[This post was co-authored with John Polga-Hecimovich*]
By the end of 2017, the Venezuelan economy will likely be less than three-quarters of its 2013 size. Inflation is set to increase from 700 percent in 2016 to a hyperinflationary 1,500 percent next year. Despite the government’s best efforts to continue payments, a crippling debt default seems increasingly inevitable. The human costs of the crisis are readily apparent, with food and medicine shortages, rising infant mortality, and increasing violence. Fully three-quarters of Venezuelans polled claim to want President Nicolás Maduro out. But last week, a series of judicial decisions appear to have quashed one of the most promising routes out of the political crisis, the presidential recall referendum. This string of suspect decisions confirms the Maduro administration’s descent into blatant authoritarianism and cuts off one of the last avenues for the peaceful restoration of a democratic system. Incongruously, all of this is in a country with the richest reserves of oil in the world, where the government has long proclaimed a commitment to social progress, inequality reductions, and popular legitimation.
How did Venezuela reach this crisis point, and what could turn it around?
The short answer to the first question is a combination of the resource curse, populist spending, and bad policymaking. We briefly unpack these elements in this post. As for the second question of what might be done to overcome the crisis, we discuss what domestic and foreign actors could do to help the country to find a way out from the current debacle in subsequent posts here and here.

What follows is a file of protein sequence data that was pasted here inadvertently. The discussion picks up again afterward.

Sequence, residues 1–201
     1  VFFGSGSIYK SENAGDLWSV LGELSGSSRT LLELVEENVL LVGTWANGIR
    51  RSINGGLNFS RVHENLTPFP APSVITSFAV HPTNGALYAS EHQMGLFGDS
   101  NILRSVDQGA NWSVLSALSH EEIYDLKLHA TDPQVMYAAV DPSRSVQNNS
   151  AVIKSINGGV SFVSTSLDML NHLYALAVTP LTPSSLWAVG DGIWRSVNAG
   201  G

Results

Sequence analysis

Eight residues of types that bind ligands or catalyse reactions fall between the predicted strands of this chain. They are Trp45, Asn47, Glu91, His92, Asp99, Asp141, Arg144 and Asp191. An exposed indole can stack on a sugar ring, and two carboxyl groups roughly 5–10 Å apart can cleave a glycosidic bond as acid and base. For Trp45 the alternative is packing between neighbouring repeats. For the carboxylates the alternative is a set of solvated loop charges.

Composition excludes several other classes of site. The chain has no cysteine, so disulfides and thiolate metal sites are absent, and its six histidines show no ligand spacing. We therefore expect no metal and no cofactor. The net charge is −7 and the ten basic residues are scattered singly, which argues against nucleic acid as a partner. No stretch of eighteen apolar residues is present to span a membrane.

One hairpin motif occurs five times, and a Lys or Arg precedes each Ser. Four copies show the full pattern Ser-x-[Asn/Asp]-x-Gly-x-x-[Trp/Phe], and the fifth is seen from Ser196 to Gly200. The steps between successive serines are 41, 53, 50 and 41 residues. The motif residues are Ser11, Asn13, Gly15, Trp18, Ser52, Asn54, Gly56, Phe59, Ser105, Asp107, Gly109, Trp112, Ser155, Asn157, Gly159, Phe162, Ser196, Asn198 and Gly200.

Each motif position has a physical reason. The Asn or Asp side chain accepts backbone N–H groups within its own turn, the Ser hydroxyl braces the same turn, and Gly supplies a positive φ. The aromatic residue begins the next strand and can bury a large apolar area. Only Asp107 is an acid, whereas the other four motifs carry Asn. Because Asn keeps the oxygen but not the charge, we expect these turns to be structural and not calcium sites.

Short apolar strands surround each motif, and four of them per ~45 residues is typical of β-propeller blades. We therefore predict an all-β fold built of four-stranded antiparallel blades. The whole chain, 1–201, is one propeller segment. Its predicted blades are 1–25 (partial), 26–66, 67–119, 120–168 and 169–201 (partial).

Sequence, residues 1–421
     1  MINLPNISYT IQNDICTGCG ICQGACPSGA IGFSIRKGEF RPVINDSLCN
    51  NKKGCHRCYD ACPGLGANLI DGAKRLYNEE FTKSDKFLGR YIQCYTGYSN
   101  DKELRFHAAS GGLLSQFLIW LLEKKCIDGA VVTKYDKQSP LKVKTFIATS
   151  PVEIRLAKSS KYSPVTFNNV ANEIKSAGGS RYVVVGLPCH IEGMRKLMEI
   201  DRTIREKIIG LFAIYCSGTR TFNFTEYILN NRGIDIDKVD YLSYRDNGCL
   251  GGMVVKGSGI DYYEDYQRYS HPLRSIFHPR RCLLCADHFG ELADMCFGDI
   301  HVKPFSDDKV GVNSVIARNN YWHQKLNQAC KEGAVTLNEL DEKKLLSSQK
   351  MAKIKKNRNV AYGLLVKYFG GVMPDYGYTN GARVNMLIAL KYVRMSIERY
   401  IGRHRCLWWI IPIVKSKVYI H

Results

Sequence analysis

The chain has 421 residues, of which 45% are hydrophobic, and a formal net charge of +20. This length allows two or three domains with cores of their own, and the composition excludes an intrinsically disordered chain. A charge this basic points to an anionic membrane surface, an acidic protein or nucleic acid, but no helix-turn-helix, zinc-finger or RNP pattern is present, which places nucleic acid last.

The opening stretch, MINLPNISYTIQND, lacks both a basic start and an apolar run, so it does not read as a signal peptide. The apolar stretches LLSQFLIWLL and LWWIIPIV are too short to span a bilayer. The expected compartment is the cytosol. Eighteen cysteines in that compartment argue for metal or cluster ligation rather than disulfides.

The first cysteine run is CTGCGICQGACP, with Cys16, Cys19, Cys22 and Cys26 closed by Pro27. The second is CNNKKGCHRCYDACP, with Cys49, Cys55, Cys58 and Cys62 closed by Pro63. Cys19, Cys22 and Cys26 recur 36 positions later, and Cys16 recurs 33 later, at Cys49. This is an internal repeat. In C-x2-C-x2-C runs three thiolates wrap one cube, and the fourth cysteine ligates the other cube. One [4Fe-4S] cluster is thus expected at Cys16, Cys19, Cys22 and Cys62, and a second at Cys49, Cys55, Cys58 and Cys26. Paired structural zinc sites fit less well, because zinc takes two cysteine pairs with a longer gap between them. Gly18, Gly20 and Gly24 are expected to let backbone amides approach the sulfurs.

An Anatomy of Chavista Power
The ascendance, popularity, and consolidation of power of the late President Hugo Chávez (1999-2013) was premised on twenty-first century socialism, anti-elite mobilization, and the gradual accumulation of the levers of state power by electoral means. Helped by oil prices, which surged from $10 a barrel in the late 1990s to a peak of $140 in 2008, Chávez was able to build a series of social programs, the so-called misiones sociales, to provide unprecedented services to the popular sectors. Simultaneously, Chávez moved to slowly accumulate power and eliminate checks on his socialist project: he packed the courts, gradually filled the ranks of the military with loyalists (and the ranks of political underlings with these military officials), staffed the state oil company PDVSA with supporters, and systematically dismantled independent media. By the time of his death in 2013, the Chavista state was a hybrid regime—neither a liberal democracy nor an outright dictatorship. As one of its leading critics noted, “if the ’physiology’ of the regime is doubtfully democratic, its ’anatomy’ is formally democratic.”
This formal adherence to democracy provided symbolic cover that permitted other Latin American nations sympathetic to the Chavista project to work with Venezuela, despite creeping authoritarian practices such as the imprisonment of opposition leaders, and troubling economic policies such as expropriation. The “Bolivarian” project—founded on Chávez’s devotion to South American liberator Simón Bolívar—gained adherents among other left-of-center governments in the region, and institutional presence through the Bolivarian Alliance for the Americas (ALBA), the Union of South American Nations (UNASUR), and even the transnational media company TeleSur. Left-leaning governments in Argentina, Uruguay, and Brazil worked closely with Chávez, bringing Venezuela into the Mercosur trade bloc out of a mix of ideological affinity and realist calculation that this might enable them to temper his grander plans for the region. And Chávez was masterful in using Venezuelan oil to buy enduring influence with Cuba and the seventeen Caribbean members of PetroCaribe, which enjoy preferential terms on oil purchases from PDVSA.